So, if reading becomes a minority activity, we will have greed and useless levels of self-assurance and very little tolerance. The inner lives of others will become closed to us. That would leave us, I suppose, rather mystified by other people, and quicker still to see them as enemies. We will stop understanding each other.

Novels look like little pleasure craft floating along in society, not a causal force. But if we could dissect the fabric of thought and belief, we would surely discover that the cultivation of imagination had a great deal to do with the advances of science, and that the cultivation of empathy had a great deal to do with every bit of political, philosophical, and social progress mankind has made.

Literary reading is not a minor scrap of pleasure but the source of thinking that engages the self and world honestly and compassionately. Go ahead--try to think of something else that does.
(Submitted by an Industry Supplier)

Thursday, December 13, 2007

BoSacks Readers Speak Out: On Roy Reiman, Time's Maghound, Bad Math and Prints Future.

BoSacks Readers Speak Out: On Roy Reiman, Time's Maghound, Bad Math and Prints Future.

Re: The Future of Print Publishing and Paid Content
Scott Karp's thoughtful piece on the future of publishing had a fairly straightforward central premise: since readers know that online content doesn't cost the publisher anything to distribute, they won't pay as much for online content as they will for content in print. Karp said that consumers "intuitively understand that it doesn't cost the publisher nearly as much to make the content available digitally as it did to put all of those books physically on a shelf."
Are manufacturing and distribution costs what make print different from online? I'd suggest that the answer is a resounding no. I think many customers pay a premium for content in print because print has intrinsic qualities that make it more valuable.

Let's look at another guide to the relative value of print and online-the advertising revenue stream.

There's a serious difference between the CPMs of print and online advertising. An ad that runs in a magazine or newspaper commands a much higher price per exposure than an ad on the magazine or newspaper's Web site . . . even if the ad appears in the same content in each medium.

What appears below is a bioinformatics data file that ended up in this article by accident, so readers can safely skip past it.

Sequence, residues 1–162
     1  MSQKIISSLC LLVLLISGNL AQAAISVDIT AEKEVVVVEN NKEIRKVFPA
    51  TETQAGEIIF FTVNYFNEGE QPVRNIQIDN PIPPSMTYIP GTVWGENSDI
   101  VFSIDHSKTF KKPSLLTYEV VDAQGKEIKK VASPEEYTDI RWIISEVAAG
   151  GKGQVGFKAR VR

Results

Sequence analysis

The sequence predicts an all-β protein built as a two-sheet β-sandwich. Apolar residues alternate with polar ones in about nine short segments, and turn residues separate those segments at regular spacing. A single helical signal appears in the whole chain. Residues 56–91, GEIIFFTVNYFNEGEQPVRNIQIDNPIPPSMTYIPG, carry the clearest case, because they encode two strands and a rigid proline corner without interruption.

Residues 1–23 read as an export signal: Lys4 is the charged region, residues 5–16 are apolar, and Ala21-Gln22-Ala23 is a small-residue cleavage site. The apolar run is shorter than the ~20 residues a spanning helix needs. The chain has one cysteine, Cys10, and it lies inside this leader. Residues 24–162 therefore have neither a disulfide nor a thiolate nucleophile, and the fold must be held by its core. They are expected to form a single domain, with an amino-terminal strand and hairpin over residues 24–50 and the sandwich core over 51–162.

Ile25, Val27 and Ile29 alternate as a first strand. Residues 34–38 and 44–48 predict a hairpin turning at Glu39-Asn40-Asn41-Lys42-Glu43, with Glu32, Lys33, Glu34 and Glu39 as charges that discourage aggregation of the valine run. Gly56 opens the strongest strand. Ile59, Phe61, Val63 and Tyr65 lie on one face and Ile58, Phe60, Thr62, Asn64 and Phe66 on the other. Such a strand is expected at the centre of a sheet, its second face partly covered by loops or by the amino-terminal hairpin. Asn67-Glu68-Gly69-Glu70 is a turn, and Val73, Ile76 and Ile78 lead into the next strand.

The cost difference is a pretty clear indication that print has higher value for an advertiser. It's hard to imagine that advertisers would pay a premium for print if they didn't recognize additional value, or that publishers wouldn't charge more for online advertising if they could.

We could debate the relative merits of the two media for years. In fact, we have. But why print CPMs are higher than online CPMs isn't as important as the fact that they simply are.

Karp's piece ended just when he got to the good stuff. He mentioned that the "citizen-journalists" who contribute to BostonNow prefer to be published in print rather than online-another way of saying that print offers higher value . . . which is why writers prefer to see their work in print and why marketers are willing to pay more for print advertising.

As practitioners of the publisher's craft, we owe it to ourselves to promote the advantages of print. It's certainly in our financial interest to do so, and the intrinsic merits of different media aren't insignificant. Writers recognize the difference. Advertisers pay for the difference. Of course publishers need to embrace the Web, and of course exciting opportunities await online . . . but it's worth remembering that from the customer's perspective, the value of print (like the value of any medium) is completely unrelated to a publisher's costs.
(Submitted by a Publisher)

RE: BoSacks Speaks Out: Bad Math Among eBook Enthusiasts
Tim O'Reilly is a very smart publisher. I'll add a different angle. Let's assume that he's wrong and that prices do fall to, and remain at, $5 a title. What publisher and author combination can make money that way? Reading hasn't reduced in volume because the prices are too high - books just aren't that expensive. If you have a current business model under which most titles don't even make back the pitiful advances that authors get, and where the cost of the actual paper is only about $1.50 a copy, then dropping the price by 60 to 80 percent is going to mean that publishers won't be able to afford to print anything that isn't going to be wildly successful. Current backlists may stay around (if the publishers have acquired the necessary rights), but forget the variety of titles coming out now. You'll be down to a handful of authors who can generate the necessary sales. Then
supply and demand will kick back in, because there are those massive infrastructures to feed, and prices will head back up anyway. Some individual authors might be able to self publish, but if they're getting 35 percent of $5, that's $1.75. Take out costs of design and production, and maybe they're at $1 a book if they're lucky, which is the inadequate stream of money they made from publishers - too low to support self-publishing. So $5 a copy, if really gutting the paper model, would really leave book publishing virtually dead.